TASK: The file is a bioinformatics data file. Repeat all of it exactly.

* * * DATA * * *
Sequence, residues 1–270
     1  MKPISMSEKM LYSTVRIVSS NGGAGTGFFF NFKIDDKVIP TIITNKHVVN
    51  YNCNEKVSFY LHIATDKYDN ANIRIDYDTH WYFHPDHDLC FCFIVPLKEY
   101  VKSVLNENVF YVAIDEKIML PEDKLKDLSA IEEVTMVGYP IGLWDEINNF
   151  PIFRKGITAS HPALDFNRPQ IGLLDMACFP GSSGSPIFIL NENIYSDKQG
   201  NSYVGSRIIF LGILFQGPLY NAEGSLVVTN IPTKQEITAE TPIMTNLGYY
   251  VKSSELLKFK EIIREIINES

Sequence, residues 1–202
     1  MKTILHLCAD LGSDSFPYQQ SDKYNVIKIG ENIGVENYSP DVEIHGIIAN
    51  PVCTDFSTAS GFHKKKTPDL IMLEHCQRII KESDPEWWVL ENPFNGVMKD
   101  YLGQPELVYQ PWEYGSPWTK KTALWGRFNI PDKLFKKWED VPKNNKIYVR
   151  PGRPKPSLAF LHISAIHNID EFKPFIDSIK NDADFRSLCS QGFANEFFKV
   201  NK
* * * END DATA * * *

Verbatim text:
Sequence, residues 1–270
     1  MKPISMSEKM LYSTVRIVSS NGGAGTGFFF NFKIDDKVIP TIITNKHVVN
    51  YNCNEKVSFY LHIATDKYDN ANIRIDYDTH WYFHPDHDLC FCFIVPLKEY
   101  VKSVLNENVF YVAIDEKIML PEDKLKDLSA IEEVTMVGYP IGLWDEINNF
   151  PIFRKGITAS HPALDFNRPQ IGLLDMACFP GSSGSPIFIL NENIYSDKQG
   201  NSYVGSRIIF LGILFQGPLY NAEGSLVVTN IPTKQEITAE TPIMTNLGYY
   251  VKSSELLKFK EIIREIINES

Sequence, residues 1–202
     1  MKTILHLCAD LGSDSFPYQQ SDKYNVIKIG ENIGVENYSP DVEIHGIIAN
    51  PVCTDFSTAS GFHKKKTPDL IMLEHCQRII KESDPEWWVL ENPFNGVMKD
   101  YLGQPELVYQ PWEYGSPWTK KTALWGRFNI PDKLFKKWED VPKNNKIYVR
   151  PGRPKPSLAF LHISAIHNID EFKPFIDSIK NDADFRSLCS QGFANEFFKV
   201  NK